As can be seen from the previous discussion, the ductility and toughness of RPC gradually improves with increasing steel fiber content. The interlocked distribution of the steel fibers is the main reason for RPC failure modes shifting from brittle to ductile.
3.2 Flexural Strength
Figure 6b also shows the curves of the relative flexural strength for RPC with only steel fibers (SRPC) (Zheng et al. 2012a with steel fiber volume dosage of 1–3 %), RPC with only PPF (PRPC) (Zheng et al. 2012c with PPF volume dosage of 0.2–0.3 %) and ordinary concrete without any fiber (NSC and HSC) (Xiao et al. 2006 with concrete strength grade of C40–C100) after exposure to elevated temperatures. The corresponding equations are shown in Eqs. (2)–(4) as follows.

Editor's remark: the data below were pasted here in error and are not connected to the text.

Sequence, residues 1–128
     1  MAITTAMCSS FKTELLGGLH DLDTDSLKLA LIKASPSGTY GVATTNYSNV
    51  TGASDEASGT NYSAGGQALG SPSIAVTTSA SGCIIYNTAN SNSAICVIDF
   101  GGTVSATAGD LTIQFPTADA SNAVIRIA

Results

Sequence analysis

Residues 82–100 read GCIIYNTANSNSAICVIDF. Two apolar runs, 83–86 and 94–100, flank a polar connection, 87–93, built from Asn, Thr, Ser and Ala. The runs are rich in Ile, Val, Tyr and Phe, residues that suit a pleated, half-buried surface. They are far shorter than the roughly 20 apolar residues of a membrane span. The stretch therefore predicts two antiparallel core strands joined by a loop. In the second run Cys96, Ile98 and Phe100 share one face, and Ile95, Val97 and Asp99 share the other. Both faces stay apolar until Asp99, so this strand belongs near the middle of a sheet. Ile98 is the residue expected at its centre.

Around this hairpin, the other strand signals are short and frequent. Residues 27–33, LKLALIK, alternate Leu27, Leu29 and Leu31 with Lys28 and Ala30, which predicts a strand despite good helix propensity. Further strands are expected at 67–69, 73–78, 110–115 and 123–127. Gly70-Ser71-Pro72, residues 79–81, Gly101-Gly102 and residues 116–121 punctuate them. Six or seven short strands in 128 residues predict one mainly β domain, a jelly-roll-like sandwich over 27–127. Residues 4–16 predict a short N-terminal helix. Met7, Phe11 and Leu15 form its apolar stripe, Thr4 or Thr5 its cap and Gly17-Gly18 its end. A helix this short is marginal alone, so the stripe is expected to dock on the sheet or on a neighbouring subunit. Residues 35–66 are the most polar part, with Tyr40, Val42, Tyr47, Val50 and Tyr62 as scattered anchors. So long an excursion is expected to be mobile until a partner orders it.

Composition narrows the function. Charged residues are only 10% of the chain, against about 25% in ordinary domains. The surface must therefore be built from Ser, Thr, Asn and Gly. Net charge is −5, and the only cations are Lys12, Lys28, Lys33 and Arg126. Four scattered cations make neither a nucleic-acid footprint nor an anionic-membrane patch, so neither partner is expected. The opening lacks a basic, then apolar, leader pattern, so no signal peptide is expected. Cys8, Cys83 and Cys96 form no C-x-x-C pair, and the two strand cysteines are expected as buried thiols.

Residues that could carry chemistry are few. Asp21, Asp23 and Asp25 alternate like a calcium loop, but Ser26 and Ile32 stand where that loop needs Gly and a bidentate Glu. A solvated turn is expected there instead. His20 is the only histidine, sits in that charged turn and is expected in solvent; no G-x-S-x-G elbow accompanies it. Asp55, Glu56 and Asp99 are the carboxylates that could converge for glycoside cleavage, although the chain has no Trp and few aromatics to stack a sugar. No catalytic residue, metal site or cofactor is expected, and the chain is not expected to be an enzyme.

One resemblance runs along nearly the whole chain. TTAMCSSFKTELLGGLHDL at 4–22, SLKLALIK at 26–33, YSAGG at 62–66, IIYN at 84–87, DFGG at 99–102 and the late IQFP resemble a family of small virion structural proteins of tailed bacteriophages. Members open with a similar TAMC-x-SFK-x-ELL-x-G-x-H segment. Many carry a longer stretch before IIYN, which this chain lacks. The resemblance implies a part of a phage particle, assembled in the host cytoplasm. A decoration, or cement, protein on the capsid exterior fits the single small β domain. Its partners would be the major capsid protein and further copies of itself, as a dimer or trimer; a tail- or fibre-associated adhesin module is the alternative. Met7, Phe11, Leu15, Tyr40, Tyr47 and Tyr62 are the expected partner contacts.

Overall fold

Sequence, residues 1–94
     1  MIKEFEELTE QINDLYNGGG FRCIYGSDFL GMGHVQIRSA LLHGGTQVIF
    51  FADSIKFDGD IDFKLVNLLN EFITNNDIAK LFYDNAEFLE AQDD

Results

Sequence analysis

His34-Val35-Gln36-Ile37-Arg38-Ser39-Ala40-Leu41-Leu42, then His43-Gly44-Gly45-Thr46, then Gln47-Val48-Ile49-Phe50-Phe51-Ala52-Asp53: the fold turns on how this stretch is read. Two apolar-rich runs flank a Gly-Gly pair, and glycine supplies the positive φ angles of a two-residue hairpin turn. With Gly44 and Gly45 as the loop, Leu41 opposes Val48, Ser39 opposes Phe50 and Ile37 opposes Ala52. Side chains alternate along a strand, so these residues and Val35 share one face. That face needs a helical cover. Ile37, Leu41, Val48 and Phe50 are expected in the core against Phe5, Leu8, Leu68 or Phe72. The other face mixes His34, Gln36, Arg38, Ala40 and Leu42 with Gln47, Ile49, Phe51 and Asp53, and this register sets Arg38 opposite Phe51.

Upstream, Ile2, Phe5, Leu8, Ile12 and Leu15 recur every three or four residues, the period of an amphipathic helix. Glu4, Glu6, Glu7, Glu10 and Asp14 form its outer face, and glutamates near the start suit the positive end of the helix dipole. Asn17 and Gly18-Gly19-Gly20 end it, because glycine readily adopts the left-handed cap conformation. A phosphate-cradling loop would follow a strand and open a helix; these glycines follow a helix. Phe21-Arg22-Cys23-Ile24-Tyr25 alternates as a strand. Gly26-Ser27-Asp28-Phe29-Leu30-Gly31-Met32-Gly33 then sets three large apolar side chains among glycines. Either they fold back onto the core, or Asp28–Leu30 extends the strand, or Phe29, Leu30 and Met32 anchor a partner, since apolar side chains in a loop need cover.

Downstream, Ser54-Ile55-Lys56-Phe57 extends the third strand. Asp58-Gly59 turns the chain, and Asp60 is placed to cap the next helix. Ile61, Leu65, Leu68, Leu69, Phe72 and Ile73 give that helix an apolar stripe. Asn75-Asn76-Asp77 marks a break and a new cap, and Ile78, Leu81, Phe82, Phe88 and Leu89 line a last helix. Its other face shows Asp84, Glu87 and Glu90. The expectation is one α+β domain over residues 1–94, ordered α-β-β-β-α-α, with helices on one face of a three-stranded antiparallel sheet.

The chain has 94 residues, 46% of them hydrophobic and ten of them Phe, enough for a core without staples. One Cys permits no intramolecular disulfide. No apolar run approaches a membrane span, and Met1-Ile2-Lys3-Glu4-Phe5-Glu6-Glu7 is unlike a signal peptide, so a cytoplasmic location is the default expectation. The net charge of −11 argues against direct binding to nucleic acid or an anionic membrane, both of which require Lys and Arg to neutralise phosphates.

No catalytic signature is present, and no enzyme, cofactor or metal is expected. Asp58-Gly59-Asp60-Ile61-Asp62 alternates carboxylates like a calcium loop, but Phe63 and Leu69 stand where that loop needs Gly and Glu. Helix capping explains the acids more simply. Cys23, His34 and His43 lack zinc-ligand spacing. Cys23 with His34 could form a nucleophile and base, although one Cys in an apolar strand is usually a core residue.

Through comparative analysis, it is found that the temperature-induced decay of HRPC and SRPC is almost the same, whereas the decay of PRPC is significantly more pronounced. This means that the flexural strength of PRPC after high temperature is the worst among the three types RPC. The curve corresponding to NSC/HSC locates at the bottom, and the curve decline rate is faster than the HSC, that is the bending performance of HRPC is better than NSC and HSC. The flexural strength curves of SRPC and PRPC exhibits a rising process, but the flexural strength decay curve of HRPC exhibits a linear decrease. The reason is that when undergoing a relatively low temperature, SRPC and PRPC are equivalent to experiencing a “high temperature curing” process, so that the cement hydration reaction is more fully, and more C–S–H gel is generated, which makes the internal structure of RPC is more compact, so the flexural strength curves of SRPC and PRPC has a rising process. For HRPC, although there is the positive effect of “high temperature curing” existence, but PP fibers and PP fiber melting channels not only increase the internal defects of RPC matrix, but also weaken the bonding properties between steel fibers and RPC matrix, and this weakening is considered to be a negative effect. Furthermore, the bonding properties of steel fiber and matrix present great effect on the flexural and tensile strength, so the flexural strength curve of HRPC decreases linearly with increasing temperature due to the negative effect, as shown in Fig. 6b.